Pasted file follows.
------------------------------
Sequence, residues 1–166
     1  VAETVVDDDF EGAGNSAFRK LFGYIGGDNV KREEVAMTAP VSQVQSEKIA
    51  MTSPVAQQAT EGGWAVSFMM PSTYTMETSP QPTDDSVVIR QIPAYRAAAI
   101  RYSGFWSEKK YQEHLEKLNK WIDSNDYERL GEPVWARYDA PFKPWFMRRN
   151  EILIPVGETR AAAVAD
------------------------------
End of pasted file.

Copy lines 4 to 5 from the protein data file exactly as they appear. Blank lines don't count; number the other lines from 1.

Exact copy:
   101  RYSGFWSEKK YQEHLEKLNK WIDSNDYERL GEPVWARYDA PFKPWFMRRN
   151  EILIPVGETR AAAVAD